citing:

** Àííîòàöèÿ:
This
work performs the metrological comparison of two groups of indicators estimating
the average level of EEG–potentials. The indirect spectral indicators (ISI)
based on amplitude spectrum and power spectrum are contrasted with natural
indicators (NI) based on period-amplitude analysis, on EEG absolute value
and on EEG envelope. Five major results were obtained: 1) NI give almost
equivalent estimates that differ from ISI significantly; 2) NI demonstrate
smooth dynamics of their value change at successive epochs whereas ISI
are subject to drastic and casual fluctuations; 3) ISI unlike NI do not
possess the additivity property of statistical averaging, their estimates
depending on number and length of averaged epochs can differ over 3 times
in their values; 4) ISI at simulated signals with a known amplitude ratio
give estimates that differ 1.4–1.55 times from true value whereas NI show
the proper estimates; 5) ISI depending on differences between EEG spectral
distribution give estimates which differ over 5 times in their ratios while
NI show the same ratios which differ 1.38–3.7 times from ISI.**
**The least reliable results in all comparisons
are related to the power spectrum. These conclusions do not allow to qualify
metrologically ISI as an analytical tool that is adequate for the nature
and peculiarities of EEG potentials. Their use may lead to incompatibility
of the results obtained by different researchers.**
* Êëþ÷åâûå
ñëîâà:* EEG amplitude, amplitude spectrum,
power spectrum, period-amplitude analysis, envelope, filtration, metrology

**1. Introduction**

**2. Methods to estimate EEG average amplitude**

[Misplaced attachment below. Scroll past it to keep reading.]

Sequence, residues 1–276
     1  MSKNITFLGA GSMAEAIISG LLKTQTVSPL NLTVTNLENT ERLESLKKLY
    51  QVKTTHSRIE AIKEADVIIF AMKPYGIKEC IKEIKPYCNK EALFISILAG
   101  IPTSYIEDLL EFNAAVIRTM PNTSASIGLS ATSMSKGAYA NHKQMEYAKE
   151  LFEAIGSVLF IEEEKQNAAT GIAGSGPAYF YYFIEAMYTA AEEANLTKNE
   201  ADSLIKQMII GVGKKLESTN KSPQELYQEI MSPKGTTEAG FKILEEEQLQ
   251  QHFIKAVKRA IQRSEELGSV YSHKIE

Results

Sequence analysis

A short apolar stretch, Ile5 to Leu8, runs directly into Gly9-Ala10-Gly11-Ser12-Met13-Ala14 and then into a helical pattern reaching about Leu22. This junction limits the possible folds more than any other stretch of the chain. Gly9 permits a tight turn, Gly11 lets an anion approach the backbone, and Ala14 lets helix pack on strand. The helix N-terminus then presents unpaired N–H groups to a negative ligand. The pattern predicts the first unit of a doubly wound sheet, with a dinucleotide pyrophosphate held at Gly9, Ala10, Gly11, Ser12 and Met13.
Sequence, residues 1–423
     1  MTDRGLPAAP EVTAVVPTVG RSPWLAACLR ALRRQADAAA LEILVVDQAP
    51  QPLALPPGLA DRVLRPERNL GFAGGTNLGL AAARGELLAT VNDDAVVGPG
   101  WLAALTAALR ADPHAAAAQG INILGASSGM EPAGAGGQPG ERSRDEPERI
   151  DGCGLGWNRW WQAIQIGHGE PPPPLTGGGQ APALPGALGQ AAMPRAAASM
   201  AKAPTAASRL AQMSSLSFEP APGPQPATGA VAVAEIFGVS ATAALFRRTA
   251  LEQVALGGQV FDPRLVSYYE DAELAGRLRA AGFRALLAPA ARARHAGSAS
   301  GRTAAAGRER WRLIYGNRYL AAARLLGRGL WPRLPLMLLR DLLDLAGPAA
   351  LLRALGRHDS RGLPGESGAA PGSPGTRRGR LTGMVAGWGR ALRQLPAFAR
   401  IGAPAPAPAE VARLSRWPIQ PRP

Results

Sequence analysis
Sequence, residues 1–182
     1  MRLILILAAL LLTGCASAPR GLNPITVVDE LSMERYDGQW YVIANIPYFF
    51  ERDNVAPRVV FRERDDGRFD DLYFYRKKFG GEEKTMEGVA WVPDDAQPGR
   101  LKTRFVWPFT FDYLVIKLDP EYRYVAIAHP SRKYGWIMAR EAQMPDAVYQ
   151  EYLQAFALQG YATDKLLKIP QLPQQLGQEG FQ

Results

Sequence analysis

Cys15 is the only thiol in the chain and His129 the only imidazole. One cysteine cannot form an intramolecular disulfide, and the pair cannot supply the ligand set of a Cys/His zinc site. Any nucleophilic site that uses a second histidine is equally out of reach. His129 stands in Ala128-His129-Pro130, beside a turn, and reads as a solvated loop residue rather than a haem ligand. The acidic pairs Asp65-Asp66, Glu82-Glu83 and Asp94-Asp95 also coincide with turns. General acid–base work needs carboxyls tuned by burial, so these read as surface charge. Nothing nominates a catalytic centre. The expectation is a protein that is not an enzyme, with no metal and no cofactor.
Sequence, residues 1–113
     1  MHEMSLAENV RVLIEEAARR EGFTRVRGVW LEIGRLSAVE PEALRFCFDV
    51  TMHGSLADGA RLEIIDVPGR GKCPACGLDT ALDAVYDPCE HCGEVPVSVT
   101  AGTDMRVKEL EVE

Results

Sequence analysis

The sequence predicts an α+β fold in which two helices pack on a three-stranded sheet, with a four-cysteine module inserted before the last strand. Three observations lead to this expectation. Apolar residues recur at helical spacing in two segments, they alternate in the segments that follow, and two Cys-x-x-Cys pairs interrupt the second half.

**Fig.1. The amplitude spectra in four successive 8-second epochs
in O2 derivation, "closed eyes" test**

** Now let us discuss
what is meant by "average signal amplitude". For monoharmonic signals the
answer seems to be obvious - it is the difference between maximum and minimum
of oscillations. In case of polyharmonic character of signal the answer
is not so obvious. During the pre-computer era this problem was solved
by period-amplitude analysis when the measurements of amplitudes and periods
of consecutive oscillations were performed manually on paper record, then
the average amplitude was calculated (it is designated it as Ap), as well
as other descriptive statistics. With the profound use of computers this
method was fulfilled by a preliminary digital signal filtration in a chosen
frequency domain and subsequent automatic measurements of differences between
ascending and descending amplitude extremums (fig. 2B). Under these conditions,
however, there are two options depending on a critical decision: to consider
or not to consider the amplitude differences relating to periods which